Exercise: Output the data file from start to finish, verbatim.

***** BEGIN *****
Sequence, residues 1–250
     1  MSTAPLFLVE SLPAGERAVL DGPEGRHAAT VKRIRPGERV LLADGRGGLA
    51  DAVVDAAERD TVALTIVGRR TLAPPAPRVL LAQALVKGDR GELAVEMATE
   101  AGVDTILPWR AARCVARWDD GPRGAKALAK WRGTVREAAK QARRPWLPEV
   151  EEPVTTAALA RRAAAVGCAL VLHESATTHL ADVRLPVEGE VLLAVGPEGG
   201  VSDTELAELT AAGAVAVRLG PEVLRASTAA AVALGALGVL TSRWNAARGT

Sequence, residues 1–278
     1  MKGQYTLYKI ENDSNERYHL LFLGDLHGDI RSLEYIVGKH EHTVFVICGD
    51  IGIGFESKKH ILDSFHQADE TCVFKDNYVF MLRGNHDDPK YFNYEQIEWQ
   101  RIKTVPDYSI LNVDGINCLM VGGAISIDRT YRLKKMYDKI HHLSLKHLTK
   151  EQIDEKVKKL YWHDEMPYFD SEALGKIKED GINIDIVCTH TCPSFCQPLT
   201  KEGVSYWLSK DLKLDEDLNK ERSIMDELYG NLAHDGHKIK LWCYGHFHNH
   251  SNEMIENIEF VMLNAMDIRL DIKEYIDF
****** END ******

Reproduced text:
Sequence, residues 1–250
     1  MSTAPLFLVE SLPAGERAVL DGPEGRHAAT VKRIRPGERV LLADGRGGLA
    51  DAVVDAAERD TVALTIVGRR TLAPPAPRVL LAQALVKGDR GELAVEMATE
   101  AGVDTILPWR AARCVARWDD GPRGAKALAK WRGTVREAAK QARRPWLPEV
   151  EEPVTTAALA RRAAAVGCAL VLHESATTHL ADVRLPVEGE VLLAVGPEGG
   201  VSDTELAELT AAGAVAVRLG PEVLRASTAA AVALGALGVL TSRWNAARGT

Sequence, residues 1–278
     1  MKGQYTLYKI ENDSNERYHL LFLGDLHGDI RSLEYIVGKH EHTVFVICGD
    51  IGIGFESKKH ILDSFHQADE TCVFKDNYVF MLRGNHDDPK YFNYEQIEWQ
   101  RIKTVPDYSI LNVDGINCLM VGGAISIDRT YRLKKMYDKI HHLSLKHLTK
   151  EQIDEKVKKL YWHDEMPYFD SEALGKIKED GINIDIVCTH TCPSFCQPLT
   201  KEGVSYWLSK DLKLDEDLNK ERSIMDELYG NLAHDGHKIK LWCYGHFHNH
   251  SNEMIENIEF VMLNAMDIRL DIKEYIDF